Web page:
Pros and Cons of NV and NV phone photography
The main advantage of NV astronomy has, for me, been the ability to see many more objects from my LP back garden than previously. It shows bright stuff better (with some exceptions, see later) and it shows some previously invisible stuff such as the horsehead nebula. Seeing difficult to see objects has been a real thrill for me. NV is best on emission nebula, using a suitable Ha filter. However, I’ve also found it provides significant benefits on globular clusters and galaxies using a 685 IR pass filter.
In terms of disadvantages, NV is a bit more cumbersome in afocal mode than a normal eyepiece (but no more really than a heavy 2 inch eyepiece) and NV is not suitable for planetary, lunar or double star viewing. So I still need my normal eyepieces for these. Probably the main disadvantage for me is that it is tricky to get high magnification views with NV due to the focal length of the NV monoculars being around 26mm the requirement to keep the f ratio reasonably fast on most objects. Typically on nebula I operate at around 10x to 50x and for galaxies and globulars maybe push it up to around 90x. Higher than 90x in my largest 11 inch scope results in the image quality breaking down due to the high f ratio.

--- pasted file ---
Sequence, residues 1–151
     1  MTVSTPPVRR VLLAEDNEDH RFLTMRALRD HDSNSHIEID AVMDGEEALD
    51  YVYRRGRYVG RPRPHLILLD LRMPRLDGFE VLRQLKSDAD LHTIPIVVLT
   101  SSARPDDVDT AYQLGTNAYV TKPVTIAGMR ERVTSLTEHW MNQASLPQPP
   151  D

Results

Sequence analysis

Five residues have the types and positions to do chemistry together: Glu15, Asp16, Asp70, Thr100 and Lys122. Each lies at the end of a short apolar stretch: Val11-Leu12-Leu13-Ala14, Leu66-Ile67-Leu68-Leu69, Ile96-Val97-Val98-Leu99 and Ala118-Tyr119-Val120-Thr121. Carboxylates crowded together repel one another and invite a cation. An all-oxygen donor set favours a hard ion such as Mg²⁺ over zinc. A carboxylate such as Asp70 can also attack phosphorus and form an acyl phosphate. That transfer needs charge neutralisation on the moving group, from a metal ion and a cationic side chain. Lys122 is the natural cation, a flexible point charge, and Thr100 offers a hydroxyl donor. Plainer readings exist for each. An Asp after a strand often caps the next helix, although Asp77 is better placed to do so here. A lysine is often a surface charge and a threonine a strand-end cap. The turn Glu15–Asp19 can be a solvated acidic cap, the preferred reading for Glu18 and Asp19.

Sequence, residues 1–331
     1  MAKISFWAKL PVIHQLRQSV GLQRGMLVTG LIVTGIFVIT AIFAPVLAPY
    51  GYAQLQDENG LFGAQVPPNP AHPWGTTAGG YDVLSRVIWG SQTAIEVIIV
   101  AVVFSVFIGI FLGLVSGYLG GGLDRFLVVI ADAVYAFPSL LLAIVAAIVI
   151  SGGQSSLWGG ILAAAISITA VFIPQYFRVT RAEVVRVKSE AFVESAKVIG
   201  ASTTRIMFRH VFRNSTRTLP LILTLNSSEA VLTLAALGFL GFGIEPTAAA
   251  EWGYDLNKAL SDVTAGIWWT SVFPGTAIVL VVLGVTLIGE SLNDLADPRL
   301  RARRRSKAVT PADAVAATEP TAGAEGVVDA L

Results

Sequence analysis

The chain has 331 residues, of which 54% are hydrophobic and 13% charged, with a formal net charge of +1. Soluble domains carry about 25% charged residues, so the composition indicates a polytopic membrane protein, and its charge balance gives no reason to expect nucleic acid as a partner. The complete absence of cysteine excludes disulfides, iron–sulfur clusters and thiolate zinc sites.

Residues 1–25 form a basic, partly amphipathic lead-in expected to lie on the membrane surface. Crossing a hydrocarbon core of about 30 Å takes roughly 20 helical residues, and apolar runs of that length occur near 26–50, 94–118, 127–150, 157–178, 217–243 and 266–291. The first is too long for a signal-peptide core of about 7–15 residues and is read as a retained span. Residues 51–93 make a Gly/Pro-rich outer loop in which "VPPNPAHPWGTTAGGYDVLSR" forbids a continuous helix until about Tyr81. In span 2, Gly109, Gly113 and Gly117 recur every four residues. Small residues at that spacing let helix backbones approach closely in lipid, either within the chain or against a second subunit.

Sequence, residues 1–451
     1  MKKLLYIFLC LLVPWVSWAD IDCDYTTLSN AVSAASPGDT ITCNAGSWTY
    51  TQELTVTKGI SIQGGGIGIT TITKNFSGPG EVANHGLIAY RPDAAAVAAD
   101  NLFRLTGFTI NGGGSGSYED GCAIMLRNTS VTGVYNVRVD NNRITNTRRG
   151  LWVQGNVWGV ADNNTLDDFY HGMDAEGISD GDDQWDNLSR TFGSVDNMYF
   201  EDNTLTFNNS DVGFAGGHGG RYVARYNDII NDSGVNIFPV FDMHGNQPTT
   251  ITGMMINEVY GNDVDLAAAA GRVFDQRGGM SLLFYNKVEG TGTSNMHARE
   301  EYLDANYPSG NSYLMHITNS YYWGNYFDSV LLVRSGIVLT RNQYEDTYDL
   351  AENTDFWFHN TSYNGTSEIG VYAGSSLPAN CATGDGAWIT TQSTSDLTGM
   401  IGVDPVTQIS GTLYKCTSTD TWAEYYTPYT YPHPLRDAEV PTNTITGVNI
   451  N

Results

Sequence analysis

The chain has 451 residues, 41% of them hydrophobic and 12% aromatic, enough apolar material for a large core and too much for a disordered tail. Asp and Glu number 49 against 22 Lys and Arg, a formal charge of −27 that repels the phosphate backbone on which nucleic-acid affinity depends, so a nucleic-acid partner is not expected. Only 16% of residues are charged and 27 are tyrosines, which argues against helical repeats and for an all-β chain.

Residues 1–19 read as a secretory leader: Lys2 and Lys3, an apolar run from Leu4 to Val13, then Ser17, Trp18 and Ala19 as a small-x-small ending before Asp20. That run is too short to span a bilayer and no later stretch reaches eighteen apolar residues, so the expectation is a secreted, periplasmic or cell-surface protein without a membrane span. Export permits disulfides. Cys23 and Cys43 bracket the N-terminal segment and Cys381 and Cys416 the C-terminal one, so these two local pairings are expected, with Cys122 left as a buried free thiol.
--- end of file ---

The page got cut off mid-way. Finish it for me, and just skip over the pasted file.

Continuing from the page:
Before getting the fonemate adapter, I had tried to take the occasional iphone photo, but with little success. I struggled to get the iphone at the correct distance from the lens and completely level so the photos were not satisfactory. When I received the fonemate adapter in December, this all changed, suddenly taking phone pictures was very easy. It was this ease of use that got me hooked on taking a record of my observations and I immediately wanted to improve the quality of them by experimenting with camera apps.